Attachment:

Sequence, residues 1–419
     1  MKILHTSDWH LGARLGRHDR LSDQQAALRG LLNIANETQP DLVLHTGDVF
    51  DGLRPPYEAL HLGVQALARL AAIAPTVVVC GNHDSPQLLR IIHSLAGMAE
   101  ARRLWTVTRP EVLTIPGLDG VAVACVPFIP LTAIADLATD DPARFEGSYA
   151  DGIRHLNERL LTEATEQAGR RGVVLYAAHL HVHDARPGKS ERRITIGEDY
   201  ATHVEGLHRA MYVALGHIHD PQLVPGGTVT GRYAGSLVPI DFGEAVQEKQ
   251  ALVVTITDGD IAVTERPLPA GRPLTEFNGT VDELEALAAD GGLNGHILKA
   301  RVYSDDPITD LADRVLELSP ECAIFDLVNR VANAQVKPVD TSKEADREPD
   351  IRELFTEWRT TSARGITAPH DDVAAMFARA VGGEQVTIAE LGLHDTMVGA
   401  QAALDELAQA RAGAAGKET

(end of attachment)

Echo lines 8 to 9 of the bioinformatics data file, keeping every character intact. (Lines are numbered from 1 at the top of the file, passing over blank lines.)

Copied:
   301  RVYSDDPITD LADRVLELSP ECAIFDLVNR VANAQVKPVD TSKEADREPD
   351  IRELFTEWRT TSARGITAPH DDVAAMFARA VGGEQVTIAE LGLHDTMVGA